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“Yes me can Mommy,” is a phrase I hear daily from my 2-year old son. He has wonderful manners and most times asks for things with a please and a smile. He is not deterred, however, by “no” for an answer. He confuses my response with his ability to perform the task at hand or at least give it a try.

One of my favorite parts of him, though, is that however much he wants something, most times he will go another direction (aka toddler distraction) with my gentle lead. He trusts me to show him something else that will fulfill his needs.

How many times, I wonder, do we play out this scenario with God? Of course we don’t talk back to God like a toddler, but we often stand firm in our desire to get what we want like that of my 35-pound bundle of spunk and think to ourselves, “Yes me can!” And often times not only do we think it, but we carry out our original intentions.

I know I’ve had this crossroads many times in my life. I grew up in central Pennsylvania and had solid plans for my future after college. I was not opposed to moving, but had set my own boundaries for how far away I would go. Eleven states later, including moves as far west as Montana, as far south as Texas and as far north as Maine, and clearly I didn’t get what I wanted. But did I get what I needed? Absolutely.

Was is easy to move more than a thousand miles away from my mom and family? Or every few years after that? No way. But when my husband and I pray about a decision and feel that gentle nudge, we start packing, sometimes when moving boxes have not even been unpacked.

There have been many difficult decisions made over the years that were not what WE wanted, loss that left us weak in the knees without any answers. But I think back to those times and wonder what if I had thrown a toddler-like tantrum and stood firm in place, defying God’s lead, questioning His guidance? What I know now is that those choices would have affected not only our life but that of my mother.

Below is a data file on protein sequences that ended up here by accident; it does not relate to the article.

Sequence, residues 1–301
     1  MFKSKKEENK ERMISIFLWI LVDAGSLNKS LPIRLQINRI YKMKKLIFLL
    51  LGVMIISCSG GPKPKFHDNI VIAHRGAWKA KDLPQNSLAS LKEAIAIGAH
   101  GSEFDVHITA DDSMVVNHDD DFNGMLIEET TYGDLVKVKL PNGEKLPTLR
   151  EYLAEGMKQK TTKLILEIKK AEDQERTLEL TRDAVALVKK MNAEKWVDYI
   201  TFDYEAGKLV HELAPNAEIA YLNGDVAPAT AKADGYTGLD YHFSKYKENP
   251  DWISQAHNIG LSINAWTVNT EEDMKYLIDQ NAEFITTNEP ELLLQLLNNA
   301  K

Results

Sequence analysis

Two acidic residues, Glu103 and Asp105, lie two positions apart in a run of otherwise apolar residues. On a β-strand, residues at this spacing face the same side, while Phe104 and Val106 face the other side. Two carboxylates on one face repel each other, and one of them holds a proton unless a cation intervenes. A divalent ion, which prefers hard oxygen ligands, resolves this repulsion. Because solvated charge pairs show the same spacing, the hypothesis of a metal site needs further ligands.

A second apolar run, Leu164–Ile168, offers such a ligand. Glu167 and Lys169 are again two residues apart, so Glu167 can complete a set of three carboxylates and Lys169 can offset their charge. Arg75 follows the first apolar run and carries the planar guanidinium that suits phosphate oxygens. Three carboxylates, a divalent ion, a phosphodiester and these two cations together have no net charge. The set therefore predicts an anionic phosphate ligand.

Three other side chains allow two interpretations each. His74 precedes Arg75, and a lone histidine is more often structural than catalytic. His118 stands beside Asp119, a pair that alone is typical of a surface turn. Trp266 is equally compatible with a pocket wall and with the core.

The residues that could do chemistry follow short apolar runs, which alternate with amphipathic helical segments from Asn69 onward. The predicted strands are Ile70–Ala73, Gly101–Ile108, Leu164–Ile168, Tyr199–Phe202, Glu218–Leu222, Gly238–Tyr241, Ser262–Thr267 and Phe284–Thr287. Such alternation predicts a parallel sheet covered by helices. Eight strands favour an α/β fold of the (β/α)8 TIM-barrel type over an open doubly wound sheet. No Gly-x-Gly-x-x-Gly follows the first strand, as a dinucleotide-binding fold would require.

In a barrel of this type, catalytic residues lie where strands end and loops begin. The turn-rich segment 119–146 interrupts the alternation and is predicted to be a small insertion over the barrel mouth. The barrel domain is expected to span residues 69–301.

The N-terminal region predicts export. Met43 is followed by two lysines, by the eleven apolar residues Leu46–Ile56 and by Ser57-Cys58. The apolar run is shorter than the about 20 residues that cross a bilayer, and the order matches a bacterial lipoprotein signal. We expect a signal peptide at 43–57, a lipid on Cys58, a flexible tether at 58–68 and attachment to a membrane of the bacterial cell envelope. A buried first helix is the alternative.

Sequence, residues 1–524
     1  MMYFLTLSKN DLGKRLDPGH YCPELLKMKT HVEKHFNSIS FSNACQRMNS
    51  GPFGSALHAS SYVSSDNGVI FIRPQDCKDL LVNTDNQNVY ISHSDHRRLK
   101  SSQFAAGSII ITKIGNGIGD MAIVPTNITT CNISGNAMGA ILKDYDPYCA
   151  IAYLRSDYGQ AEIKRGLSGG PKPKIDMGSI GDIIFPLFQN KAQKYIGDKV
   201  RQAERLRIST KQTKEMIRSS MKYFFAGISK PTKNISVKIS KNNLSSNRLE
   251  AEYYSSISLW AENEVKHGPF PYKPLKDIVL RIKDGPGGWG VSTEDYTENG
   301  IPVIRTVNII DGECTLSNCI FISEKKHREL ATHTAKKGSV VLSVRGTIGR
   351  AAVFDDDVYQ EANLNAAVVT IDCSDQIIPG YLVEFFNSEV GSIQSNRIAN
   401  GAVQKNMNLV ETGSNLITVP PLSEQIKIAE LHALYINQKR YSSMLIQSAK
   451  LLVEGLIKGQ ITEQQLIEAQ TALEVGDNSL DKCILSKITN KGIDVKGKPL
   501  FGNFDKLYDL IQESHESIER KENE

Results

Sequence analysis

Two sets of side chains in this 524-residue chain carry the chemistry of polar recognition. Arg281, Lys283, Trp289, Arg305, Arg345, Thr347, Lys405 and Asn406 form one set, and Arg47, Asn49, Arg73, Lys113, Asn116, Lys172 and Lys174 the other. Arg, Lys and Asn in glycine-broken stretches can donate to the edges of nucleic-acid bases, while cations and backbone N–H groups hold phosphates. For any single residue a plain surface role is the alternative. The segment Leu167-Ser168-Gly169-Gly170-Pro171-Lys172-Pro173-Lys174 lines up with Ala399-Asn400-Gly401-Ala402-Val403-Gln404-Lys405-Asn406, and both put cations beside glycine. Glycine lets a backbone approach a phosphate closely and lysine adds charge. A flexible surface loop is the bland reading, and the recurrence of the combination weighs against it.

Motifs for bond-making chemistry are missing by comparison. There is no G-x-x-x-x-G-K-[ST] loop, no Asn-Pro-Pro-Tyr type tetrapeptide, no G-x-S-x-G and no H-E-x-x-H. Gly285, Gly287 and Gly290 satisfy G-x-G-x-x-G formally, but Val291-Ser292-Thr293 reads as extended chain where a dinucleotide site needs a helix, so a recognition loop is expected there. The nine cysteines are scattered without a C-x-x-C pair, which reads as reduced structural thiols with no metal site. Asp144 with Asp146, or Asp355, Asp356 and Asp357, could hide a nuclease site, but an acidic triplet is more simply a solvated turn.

God knew my mom had cancer growing in her body years before she would ever find out. All the while He was making a way, carving a trail for me that would meld our lives together and lead to her treatment. A path that would glorify God and show clearly that His timing is perfect. His plans, although hard to understand, are for our good. He does not provide a map, only a destination.

This reminds me of a verse, one that has become the main theme in my book, because of how many examples there have been throughout the lives of both my mom and me.

“For I know the plans I have for you,” says the Lord. “They are plans for good and not disaster, to give you a future and a hope.”  Jeremiah 29:11

His promise has been fulfilled in my family’s life over and over again. And so I will learn from my son, to stand firm on what I believe is possible and not be deterred. Unless, of course, I feel a leading from up above to go in another direction. Then I will put my trust that God has something else to show me.


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